Increasing competition is among federal panel's recommendations
- By Nick Wakeman
- Dec 22, 2006
At the heart of recommendations by a federal panel tasked with examining government procurement practices is addressing the woeful state of competition in the federal market.
The Acquisition Advisory Panel, established by Congress, issued a draft
of its final report, which included the finding that nearly a third of the $360 billion in government acquisition spending is not competitively bid.
Of the contracts that are bid, 20 percent received only one proposal, the panel said in its report. The panel believes the lack of competition is a disservice to the government and the taxpayer.
The panel was charged by Congress with reviewing laws, regulations and policies governing procurement spending and making recommendations in several areas, including use of commercial practices in government acquisition, performance-based contracting and interagency contracting.
Among the recommendations are:
- Enhance and encourage competition by improving requirements analysis and definition.
- Increase the use of performance-based contracting by having the Office of Federal Procurement Policy provide more guidance on its use. Agencies also need tools to identify when performance-based contracts are appropriate and how to develop measurable performance standards.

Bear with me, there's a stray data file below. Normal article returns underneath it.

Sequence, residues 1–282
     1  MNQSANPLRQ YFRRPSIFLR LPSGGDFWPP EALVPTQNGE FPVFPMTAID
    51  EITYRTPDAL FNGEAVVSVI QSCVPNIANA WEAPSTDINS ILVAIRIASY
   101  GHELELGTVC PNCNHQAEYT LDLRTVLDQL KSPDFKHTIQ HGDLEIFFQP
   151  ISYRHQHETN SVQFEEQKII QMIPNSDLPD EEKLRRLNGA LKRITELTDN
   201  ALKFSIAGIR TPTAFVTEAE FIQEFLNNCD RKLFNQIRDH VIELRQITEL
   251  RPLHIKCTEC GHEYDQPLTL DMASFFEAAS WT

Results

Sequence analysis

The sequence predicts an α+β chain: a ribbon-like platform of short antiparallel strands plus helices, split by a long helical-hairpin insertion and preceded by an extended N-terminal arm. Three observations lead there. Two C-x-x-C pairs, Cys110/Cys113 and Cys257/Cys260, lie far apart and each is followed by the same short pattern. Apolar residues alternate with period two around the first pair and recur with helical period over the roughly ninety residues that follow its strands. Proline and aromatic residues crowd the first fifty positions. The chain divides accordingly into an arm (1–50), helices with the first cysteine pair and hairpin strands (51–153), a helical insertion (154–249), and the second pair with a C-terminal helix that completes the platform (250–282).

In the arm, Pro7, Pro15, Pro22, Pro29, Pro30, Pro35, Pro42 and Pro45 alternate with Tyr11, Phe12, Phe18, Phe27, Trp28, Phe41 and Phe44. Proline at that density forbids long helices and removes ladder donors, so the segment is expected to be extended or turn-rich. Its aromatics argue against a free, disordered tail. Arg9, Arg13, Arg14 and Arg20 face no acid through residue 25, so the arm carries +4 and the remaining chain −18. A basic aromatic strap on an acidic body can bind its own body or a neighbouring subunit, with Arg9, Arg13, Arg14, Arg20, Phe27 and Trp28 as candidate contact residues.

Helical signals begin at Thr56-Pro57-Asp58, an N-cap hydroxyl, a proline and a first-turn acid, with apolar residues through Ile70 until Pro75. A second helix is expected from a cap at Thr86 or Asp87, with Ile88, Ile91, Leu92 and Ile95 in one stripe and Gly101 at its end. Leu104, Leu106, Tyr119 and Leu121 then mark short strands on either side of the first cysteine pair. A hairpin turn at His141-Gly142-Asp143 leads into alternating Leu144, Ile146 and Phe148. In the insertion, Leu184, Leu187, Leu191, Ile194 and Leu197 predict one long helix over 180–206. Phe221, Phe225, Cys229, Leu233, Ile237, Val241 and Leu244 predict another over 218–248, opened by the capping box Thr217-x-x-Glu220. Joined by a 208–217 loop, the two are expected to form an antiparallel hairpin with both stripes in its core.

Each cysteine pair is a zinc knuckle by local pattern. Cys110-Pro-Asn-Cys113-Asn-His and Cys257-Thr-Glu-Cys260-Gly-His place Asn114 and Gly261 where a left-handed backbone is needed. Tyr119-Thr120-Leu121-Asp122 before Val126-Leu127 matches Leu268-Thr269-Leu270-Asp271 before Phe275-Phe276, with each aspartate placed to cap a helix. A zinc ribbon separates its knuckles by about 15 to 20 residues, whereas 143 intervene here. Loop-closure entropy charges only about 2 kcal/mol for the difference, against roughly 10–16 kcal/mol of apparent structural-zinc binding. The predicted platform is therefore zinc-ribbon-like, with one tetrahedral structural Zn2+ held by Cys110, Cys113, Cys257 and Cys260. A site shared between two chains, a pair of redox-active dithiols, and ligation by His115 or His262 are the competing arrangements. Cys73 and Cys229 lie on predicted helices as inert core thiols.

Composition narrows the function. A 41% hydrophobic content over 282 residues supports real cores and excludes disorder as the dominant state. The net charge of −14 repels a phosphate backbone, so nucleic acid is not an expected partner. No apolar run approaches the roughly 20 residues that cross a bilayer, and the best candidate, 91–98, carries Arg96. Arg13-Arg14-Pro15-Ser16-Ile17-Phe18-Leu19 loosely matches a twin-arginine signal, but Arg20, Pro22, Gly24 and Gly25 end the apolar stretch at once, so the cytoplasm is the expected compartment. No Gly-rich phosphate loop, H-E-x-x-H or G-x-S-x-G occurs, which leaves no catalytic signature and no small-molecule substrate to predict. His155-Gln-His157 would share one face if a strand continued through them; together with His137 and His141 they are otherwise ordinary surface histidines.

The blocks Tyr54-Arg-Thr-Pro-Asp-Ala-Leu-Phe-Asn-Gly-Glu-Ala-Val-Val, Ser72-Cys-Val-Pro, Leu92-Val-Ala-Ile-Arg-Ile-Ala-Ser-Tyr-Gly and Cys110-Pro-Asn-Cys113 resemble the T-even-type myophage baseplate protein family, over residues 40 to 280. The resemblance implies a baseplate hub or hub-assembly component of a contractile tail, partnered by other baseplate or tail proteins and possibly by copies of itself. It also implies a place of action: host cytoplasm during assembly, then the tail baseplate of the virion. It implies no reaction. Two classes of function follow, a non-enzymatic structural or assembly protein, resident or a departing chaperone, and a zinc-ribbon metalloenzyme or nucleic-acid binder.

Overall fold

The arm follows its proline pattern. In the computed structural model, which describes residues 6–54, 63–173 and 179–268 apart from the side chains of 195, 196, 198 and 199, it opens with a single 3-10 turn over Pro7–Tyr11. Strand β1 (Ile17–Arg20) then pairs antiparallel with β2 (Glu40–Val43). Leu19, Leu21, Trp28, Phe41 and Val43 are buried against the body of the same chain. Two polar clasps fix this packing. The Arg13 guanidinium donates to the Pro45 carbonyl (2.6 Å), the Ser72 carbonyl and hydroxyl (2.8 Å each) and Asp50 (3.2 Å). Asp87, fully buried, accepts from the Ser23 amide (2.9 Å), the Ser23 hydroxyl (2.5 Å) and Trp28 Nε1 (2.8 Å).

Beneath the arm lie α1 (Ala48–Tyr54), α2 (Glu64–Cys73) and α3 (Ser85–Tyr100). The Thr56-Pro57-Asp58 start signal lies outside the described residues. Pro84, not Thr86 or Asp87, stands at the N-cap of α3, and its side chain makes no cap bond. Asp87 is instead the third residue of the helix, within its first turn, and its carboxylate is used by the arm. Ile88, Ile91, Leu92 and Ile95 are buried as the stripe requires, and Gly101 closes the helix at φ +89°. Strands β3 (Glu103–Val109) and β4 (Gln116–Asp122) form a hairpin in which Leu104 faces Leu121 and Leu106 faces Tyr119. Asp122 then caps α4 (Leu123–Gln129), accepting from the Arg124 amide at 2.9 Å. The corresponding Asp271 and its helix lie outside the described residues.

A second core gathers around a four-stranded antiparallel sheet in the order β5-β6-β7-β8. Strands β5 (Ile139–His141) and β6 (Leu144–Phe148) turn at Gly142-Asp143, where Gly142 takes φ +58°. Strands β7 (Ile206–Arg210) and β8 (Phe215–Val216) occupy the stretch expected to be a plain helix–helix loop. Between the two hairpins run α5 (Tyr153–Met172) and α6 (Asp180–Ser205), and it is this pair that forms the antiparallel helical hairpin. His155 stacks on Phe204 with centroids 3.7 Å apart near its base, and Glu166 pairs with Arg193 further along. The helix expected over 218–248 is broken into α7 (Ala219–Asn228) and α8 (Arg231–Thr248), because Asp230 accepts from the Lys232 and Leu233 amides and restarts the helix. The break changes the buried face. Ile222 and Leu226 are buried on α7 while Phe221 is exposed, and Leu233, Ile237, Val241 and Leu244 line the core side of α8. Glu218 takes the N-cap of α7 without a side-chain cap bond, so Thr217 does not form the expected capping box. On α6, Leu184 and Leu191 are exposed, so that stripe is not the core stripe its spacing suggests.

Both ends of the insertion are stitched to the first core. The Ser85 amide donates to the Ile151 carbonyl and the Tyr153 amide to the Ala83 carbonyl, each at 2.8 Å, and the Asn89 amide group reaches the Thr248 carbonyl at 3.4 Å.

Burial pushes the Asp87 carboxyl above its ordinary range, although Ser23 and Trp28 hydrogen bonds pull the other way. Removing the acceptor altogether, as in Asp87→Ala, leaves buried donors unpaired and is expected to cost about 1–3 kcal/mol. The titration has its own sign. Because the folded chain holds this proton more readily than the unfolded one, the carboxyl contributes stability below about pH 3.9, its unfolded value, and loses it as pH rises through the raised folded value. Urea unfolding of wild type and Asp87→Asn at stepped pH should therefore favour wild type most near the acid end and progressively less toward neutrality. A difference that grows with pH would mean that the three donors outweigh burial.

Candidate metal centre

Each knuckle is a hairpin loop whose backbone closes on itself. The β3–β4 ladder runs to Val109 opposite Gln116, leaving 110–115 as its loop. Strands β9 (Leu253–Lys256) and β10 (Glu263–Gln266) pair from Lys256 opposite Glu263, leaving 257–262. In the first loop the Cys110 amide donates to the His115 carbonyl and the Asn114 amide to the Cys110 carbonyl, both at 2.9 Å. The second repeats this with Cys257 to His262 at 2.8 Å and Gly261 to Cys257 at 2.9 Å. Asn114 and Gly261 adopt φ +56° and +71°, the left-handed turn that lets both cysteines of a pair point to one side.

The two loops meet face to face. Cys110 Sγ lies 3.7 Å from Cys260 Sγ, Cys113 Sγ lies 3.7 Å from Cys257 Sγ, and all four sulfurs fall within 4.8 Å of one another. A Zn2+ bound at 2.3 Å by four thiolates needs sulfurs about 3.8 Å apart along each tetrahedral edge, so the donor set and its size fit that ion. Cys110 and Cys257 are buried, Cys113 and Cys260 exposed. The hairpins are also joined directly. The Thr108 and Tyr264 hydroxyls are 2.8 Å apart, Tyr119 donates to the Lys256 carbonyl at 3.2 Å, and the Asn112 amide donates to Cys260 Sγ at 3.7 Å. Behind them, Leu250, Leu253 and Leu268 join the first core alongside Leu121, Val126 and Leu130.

- Limit the use of time and material contracts.
- Improve the acquisition workforce by first having OFPP create a single, governmentwide definition of the acquisition workforce. Barriers to hiring new acquisition workers should be identified and eliminated. Training needs also should be addressed.
- Debrief losers of task order competitions worth more than $5 million. The information will improve competition on future task orders.
- Establish a new IT services schedule that requires competition at the order level.
The panel is accepting comments on the draft until Jan. 5.Nick Wakeman is the editor of
Government Computer News' affiliate publication, Washington Technology
Nick Wakeman is the editor-in-chief of Washington Technology. Follow him on Twitter: @nick_wakeman.